A while ago on a visit to Alaska and the Yukon, my travelling companions and I were struck by the unusual responses to our typical and conventional, ‘conversation-starter’ question. “… and what do you do?”. Instead of the usual responses such as “I’m a cook.” ; or “I work in an office.” ; or “I’m in management.” ; we heard things like, “I garden.”, “I am a grandfather.” or “I like to read …” or even “I like to land my plane in isolated places.” These responses were unexpected, certainly not typical and they were jarring. Our curiosity was peaked. We wondered how many times we needed to ask that question before people got around to telling us how they made their living. We started out thinking this would be an interesting experiment and ended up having insightful conversations about things that people deeply cared about. We ended up having conversations not so much about ‘what do you do’ as about ‘what are you becoming?’ The question had been interpreted differently.
We were pushed out of our familiar world of parallel conversational play – where people seem to just take turns filling air time. We were at first intrigued with the unusual responses then we built on those responses with increasingly genuine questions, offering our own stories, and then responding back to their own increasingly genuine questions of us. We were engaged!! (Maybe this is what that over-used word means!) We were changed by each encounter, perhaps only slightly but change like this can happen when you are engaged. It was less and less about being or protecting whatever it is each of us thinks we are, and more and more about being open to the change in us that every interaction can affect. As we regrouped as travelling companions we each brought the stories of our encounters and the smaller or bigger changes they had made in us back into our conversations with each other, and the process of change and emerging identity repeated itself … over and over again.
Did we discover something new, something different that can happen when you take the time to listen well and stay present to the conversation? I don’t think so really. I think we just recognized an experience that is always there from a different perspective. We are flow, we are process, affected by every interaction; even those parallel play conversations. We just had a chance – perhaps because we were in ‘vacation’ mode – to see what is always right there in a different way. The chance to both experience it and marvel at it. We truly do continuously describe ourselves ‘in small, continuous gestures towards others”. (See the December, 2008 e-newsletter – The Causality of Hope !)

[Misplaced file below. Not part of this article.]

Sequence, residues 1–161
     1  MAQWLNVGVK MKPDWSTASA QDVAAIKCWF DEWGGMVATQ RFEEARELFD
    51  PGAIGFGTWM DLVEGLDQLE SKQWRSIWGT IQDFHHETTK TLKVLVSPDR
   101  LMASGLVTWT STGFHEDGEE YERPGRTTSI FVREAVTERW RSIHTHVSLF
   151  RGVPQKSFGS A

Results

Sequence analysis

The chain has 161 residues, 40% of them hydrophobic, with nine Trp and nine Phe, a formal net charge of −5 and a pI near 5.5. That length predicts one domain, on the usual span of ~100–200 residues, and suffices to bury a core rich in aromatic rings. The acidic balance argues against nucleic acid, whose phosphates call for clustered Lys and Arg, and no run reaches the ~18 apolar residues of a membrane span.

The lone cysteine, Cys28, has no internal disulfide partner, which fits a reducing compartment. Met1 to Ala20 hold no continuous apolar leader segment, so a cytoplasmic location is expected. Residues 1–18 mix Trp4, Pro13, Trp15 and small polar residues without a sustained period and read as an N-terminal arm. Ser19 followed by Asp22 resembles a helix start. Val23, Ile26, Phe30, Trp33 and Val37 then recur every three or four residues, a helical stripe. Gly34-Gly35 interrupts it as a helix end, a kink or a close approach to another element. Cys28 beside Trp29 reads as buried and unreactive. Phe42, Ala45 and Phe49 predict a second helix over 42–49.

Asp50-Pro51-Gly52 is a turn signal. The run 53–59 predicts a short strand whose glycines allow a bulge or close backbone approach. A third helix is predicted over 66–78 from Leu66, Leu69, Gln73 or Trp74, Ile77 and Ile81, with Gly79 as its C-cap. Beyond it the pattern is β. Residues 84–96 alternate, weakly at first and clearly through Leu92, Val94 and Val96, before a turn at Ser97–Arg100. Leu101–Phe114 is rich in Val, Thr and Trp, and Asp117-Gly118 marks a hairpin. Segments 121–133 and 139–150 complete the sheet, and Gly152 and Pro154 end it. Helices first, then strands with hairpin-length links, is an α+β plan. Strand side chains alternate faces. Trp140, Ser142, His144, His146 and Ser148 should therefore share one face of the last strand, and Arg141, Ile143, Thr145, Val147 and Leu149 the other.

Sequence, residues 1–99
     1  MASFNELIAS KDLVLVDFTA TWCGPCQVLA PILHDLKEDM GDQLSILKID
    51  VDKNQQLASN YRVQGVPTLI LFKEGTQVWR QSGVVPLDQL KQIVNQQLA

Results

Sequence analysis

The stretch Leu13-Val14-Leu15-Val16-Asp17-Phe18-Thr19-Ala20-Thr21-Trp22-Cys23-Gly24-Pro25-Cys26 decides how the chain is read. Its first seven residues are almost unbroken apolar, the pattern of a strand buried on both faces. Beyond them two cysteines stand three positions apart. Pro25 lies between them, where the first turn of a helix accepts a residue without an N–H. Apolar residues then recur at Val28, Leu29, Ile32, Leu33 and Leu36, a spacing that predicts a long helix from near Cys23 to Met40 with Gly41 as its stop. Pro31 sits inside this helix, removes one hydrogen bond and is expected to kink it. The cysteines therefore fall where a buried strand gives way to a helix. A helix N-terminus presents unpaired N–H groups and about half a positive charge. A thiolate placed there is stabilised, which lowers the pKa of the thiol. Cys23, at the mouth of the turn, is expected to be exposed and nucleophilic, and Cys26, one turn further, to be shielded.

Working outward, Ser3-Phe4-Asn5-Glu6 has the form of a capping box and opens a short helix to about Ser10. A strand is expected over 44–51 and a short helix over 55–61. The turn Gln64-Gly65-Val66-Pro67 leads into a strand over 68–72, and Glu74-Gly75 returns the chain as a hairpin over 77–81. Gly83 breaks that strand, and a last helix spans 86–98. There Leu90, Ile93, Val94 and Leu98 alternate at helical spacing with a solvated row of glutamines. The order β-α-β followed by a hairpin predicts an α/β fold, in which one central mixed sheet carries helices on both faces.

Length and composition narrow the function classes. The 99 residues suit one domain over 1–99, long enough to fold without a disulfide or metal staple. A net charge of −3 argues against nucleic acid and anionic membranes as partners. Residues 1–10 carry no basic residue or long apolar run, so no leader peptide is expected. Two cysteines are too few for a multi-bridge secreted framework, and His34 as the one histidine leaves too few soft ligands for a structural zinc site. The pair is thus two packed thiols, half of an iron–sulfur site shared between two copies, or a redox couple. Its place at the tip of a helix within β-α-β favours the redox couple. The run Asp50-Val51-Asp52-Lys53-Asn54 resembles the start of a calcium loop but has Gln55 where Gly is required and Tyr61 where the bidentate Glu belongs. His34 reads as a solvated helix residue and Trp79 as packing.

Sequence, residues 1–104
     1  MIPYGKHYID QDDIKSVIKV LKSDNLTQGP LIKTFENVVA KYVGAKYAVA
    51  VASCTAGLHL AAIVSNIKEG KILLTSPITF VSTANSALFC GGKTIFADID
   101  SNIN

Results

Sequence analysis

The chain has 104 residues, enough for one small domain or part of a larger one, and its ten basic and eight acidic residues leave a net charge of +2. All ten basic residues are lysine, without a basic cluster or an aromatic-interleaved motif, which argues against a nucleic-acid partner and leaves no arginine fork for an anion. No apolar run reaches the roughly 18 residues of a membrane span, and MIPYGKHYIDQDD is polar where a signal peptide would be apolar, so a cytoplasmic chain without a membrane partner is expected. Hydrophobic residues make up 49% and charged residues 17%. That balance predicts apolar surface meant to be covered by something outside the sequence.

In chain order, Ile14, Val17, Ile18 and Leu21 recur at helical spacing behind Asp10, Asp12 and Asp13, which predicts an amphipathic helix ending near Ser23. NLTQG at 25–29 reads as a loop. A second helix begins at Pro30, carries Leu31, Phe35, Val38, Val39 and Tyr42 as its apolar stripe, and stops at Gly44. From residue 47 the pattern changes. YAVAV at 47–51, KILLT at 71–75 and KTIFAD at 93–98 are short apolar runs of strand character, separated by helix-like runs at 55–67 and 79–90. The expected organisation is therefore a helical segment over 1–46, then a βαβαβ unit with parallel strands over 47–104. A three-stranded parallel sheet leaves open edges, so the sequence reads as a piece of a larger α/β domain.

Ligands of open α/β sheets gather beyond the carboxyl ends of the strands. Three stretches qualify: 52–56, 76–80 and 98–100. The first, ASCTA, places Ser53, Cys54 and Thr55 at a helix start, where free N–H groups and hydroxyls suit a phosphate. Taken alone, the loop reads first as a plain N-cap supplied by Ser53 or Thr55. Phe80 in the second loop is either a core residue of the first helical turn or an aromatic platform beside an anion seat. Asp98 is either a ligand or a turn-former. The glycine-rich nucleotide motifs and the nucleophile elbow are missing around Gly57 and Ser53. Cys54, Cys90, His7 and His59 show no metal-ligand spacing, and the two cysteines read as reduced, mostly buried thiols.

Some of us are in the business of teaching or coaching what we might call communication or inter-personal skills – active listening, mindfulness – perhaps in a leadership or management development initiative or workshop. We tend to teach these ‘skills’ as if they were tools and we often refer to them as such. Tools that, if our clients/coachees/participants do right, will help them be more effective communicators or more successful in getting what they want or need from the people they are interacting with.
In this type of teaching we tend to reinforce the perfection of the application of the skills and tools of communication. We often miss the opportunity to work with the flowing, sometimes messy process of interaction. We can miss the fact that gestures are shared, that identity does not have to be something to protect, but rather something that is constantly emerging. What would that opportunity actually look like? There is much written and taught about the art and skills of ‘influencing’. Do we need to spend equal time on the art and skills, or perhaps better worded, process of ‘being influenced’? If we as consultants were to do that, how would that subtle shift inform our work differently? If those of us who are executive coaches asked the question, ‘what are you becoming?’ of our leaders, would that open them to new ways of thinking and engaging? If we were to ask this question of ourselves on a regular basis, would that open each of us to new ways of thinking and engaging?
It seems very syndetic that we happen to be writing this on the day of Barack Obama’s inauguration. The formal proceedings are inspiring but equally inspiring is watching the millions of people in the crowds observing this process of emergence, of ‘becoming’ happening before our eyes! We will work hard on staying open in the challenging days ahead.
Author – Bonnie